Fizzy drinks should be heavily taxed and junk food adverts banished until after the watershed according to a call for action from the Academy of Medical Royal Colleges.
The Academy, represents all aspects of the medical profession from surgeons to GPs and psychiatrists to paediatricians, and rarely come together on issues but say the UK's obesity epidemic represents a "huge crisis".
Its report said current measures were failing and called for unhealthy foods to be treated more like cigarettes as they pose as great a threat to national health.
Prof Terence Stephenson, the chair of the Academy, said: "The government helped people move away from smoking with required things like a ban on advertising and a reduction in marketing and the association of smoking with sporting activities - we need something similar to be done with unhealthy foods as well.
"But there is no 'silver-bullet' for tackling obesity; we need the entire culture around eating to change to make it easier to make healthy decisions.
"I choose what I eat or whether I smoke, what people have told us is they want help to swim with the tide rather than against the current to make the healthy choice the easy one."
The UK is one of the most obese nations in the world with about a quarter of adults classed as obese. That figure is predicted to double by 2050 - a third of primary school leavers are already overweight.
The Academy's report has recommended the following in order to tackle that rising figure:
- A ban on advertising foods high in saturated fat, sugar and salt before 9pm
- Further taxes on sugary drinks to increase prices by at least 20%
- A reduction in fast food outlets near schools and leisure centres
- A £100m budget for interventions such as weight-loss surgery
- No junk food or vending machines in hospitals, where all food must meet the same nutritional standards as in schools
- Food labels to include calorie information for children
While the report makes a raft of recommendations, Prof Stephenson attacked sugary drinks for being "just water and sugar" and lambasted a culture where it was deemed acceptable to drink a litre of fizzy drink at the cinema.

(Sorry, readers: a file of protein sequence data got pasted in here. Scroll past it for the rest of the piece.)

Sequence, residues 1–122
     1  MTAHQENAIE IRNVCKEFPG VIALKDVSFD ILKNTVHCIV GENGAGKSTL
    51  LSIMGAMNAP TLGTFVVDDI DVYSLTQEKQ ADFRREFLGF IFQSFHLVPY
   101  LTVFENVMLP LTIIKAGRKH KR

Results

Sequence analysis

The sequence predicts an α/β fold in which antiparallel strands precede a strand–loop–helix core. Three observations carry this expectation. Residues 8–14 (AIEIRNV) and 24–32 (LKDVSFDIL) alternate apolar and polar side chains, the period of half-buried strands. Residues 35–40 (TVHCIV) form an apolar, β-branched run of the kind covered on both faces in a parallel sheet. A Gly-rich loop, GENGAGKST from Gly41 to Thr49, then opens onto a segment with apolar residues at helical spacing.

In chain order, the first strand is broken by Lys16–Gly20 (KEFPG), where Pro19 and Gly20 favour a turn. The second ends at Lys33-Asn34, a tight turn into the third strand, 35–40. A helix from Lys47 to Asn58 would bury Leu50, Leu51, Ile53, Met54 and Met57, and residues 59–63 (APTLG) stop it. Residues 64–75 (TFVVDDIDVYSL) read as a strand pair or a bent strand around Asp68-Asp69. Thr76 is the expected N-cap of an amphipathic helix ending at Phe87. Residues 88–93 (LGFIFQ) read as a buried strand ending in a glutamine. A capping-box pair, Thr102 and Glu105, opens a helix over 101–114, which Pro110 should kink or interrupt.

"Doctors are often accused of playing the nanny state, we didn't hear from a single person who said they liked being overweight, everybody we met wanted help from the state and society," he added.
"If we didn't have things like this we wouldn't have speed limits that save lives, we wouldn't have drink-driving limits that save lives, there's a host of things that society and state does to help us live long, healthy fulfilling lives and we're just suggesting something similar."
The Department of Health in England has already set up voluntary agreements with the food industry as part of its responsibility deal and Health minister Lord Howe has now said he wants to see "businesses intensifying their efforts to support healthy eating".
"To tackle the rising tide of obesity the industry, healthcare professionals, government and individuals all need to continue working together to get results, which is why our Call to Action sets out how important this is," he added.
"Government is already helping people make healthier choices by working with industry to reduce fat, salt and sugar in foods and by giving children and families advice on how to eat well, get active, and live longer through Change4Life."
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Posted 18/02/2013 by email@example.com